Summary: Keep the faith, persevere to the end, because you’re already part of his eternal kingdom, already one of his priests able to come into his presence to worship him and to serve him.
It’s hard to imagine what life was like for Christians in the first century. They were a marginalised minority, looked down on by Jews, Greeks and Romans alike. But as if that wasn’t enough, as the century drew to its end various bouts of persecution broke out against them led by the Roman emperor. The Emperor, Domitian, wanted to be recognised as a living god but of course Christians refused to worship him. So he began a campaign against them. The aim of this persecution was to get Christians to deny their faith in order to save their lives. So it’s into this environment that God speaks through the apostle John.
See how the book begins: This is the revelation of Jesus Christ which God gave him to show his servants what must soon take place. The message comes from God via Jesus Christ who sends an angel to John so he can pass the message on to us. Here is a message that’s come a long way for a very serious purpose.
Why is God so careful to mark out the process by which this revelation comes to us? Why is it so important that we understand the origins of this message?
Let me suggest that the answer lies in what we find here in the first chapter. It lies in the person of Jesus Christ, it lies in the things we’re told John shares with his readers and it lies in the content of the message.
And notice the importance that’s placed on the message. Look at v3: "Blessed is the one who reads aloud the words of the prophecy, and blessed are those who hear and who keep what is written in it; for the time is near." First the person who reads this message aloud is blessed. The expectation is that the message would be read aloud in the church. Then those who hear it and keep it, i.e. do what it says, are blessed. i.e. They receive the commendation of God, they receive the good things that he has stored up for those who persevere to the end. By the way, you’ll hear that refrain over and over again as we look at the seven letters to the seven churches over the next few weeks. "Whoever conquers"; or "whoever overcomes" is a recurring phrase, always with a promise of reward at the end. And just to emphasise how important this message is, the book also ends with a dire warning to those who would either add to or take away from its message.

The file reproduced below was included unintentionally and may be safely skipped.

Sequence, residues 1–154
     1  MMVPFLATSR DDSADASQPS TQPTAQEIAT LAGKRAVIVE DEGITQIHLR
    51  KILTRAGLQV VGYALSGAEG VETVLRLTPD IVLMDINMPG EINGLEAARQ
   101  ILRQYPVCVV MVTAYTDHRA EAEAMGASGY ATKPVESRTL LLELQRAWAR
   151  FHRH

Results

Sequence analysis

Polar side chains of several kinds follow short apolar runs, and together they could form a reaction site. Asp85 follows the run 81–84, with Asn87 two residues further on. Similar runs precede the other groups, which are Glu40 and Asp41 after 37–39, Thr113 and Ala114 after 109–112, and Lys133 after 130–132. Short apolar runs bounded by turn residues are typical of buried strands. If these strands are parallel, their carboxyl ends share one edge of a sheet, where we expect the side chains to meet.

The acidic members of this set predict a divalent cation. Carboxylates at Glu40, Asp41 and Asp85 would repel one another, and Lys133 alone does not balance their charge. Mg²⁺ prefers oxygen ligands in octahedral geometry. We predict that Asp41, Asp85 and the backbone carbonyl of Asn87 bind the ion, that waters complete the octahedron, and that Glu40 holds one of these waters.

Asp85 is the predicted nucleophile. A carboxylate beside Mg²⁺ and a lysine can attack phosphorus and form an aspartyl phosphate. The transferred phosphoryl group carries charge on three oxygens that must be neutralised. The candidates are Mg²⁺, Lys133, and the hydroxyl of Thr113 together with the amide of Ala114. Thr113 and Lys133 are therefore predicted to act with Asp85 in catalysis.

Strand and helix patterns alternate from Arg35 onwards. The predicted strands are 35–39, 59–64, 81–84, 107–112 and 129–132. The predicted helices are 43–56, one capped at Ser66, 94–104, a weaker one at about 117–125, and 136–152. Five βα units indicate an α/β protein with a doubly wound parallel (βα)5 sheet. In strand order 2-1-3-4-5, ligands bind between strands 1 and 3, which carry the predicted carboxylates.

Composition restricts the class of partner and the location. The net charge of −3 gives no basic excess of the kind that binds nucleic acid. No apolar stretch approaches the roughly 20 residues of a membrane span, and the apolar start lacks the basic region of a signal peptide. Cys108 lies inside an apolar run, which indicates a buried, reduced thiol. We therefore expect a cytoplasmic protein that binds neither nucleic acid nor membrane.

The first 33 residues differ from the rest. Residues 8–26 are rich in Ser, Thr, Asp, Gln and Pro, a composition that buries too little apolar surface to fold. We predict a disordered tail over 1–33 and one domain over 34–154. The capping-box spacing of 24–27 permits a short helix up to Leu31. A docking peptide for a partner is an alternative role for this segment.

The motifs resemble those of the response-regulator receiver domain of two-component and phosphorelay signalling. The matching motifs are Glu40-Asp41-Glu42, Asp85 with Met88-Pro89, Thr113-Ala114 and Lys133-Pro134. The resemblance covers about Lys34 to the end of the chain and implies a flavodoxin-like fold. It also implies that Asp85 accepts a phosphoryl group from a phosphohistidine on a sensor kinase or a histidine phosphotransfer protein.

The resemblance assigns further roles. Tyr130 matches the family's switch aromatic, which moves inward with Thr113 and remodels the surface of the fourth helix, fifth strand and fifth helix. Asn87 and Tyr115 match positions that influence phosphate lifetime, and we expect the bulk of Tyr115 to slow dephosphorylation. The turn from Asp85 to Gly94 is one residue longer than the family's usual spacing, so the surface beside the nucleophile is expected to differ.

But let’s think about why it’s so important. He begins with
The Person of Jesus Christ.
Who he is
First he describes who Jesus is, the things he’s done and the things he will do. In fact, in the way of apocalyptic literature there are seven characteristics given in vs 5&6.
First he’s the faithful witness. The word used is the word for martyr. Jesus is the first Christian martyr, if you like. He’s the first one to shed his blood as a sign of his faith in and allegiance to the living God. If the context of this message is persecution, then Jesus is the ultimate example of one who stood firm, who persevered in his obedience to God in the face of suffering and death.
He’s the firstborn from the dead. The ultimate answer to those who threaten us with suffering and death is the resurrection from the dead. Are you afraid of death? Do you wonder whether our hope of eternal life is for real? How do you know that there’s anything after this life? The answer to all those lies in Jesus Christ; in his risen body; in those hands and side that he showed to Thomas in the upper room. Jesus promised that in his Father’s house were many rooms and that he was going to prepare a place for us and the assurance that he’s going to keep that promise is his own risen body.
He’s the ruler of the kings of earth. Not only has he risen from the dead, but God has exalted him to his right hand of power. As we saw in Revelation 21 a few weeks ago, on the last day the kings of the earth will come into the city of God bringing their tribute to the king, to the Lord God the Almighty and the lamb. And on that last day every knee will bow and every tongue confess him to be Lord. On that day all the power systems of our world will be overturned.
He loves us. Isn’t this great? He’s the one who rules over all the kings of the earth, to whom all the earthly rulers of our world will bow, yet he has a personal interest in us. He loves you and me. Di was telling me she was leading a CRE seminar the other day and someone suggested that the Bible doesn’t actually say that Jesus loves you. Now I’m not sure what planet they were from, or which Bible version they’d been reading, but it wasn’t the one I have here in front of me. Jesus is the one who is loving us - continuous present tense for those who still understand English grammar. As we’ll see in the next clause he loved us when he came to earth and he continues to love us to the present day. If you need encouragement for your Christian life meditate on the love that Jesus continues to hold for you.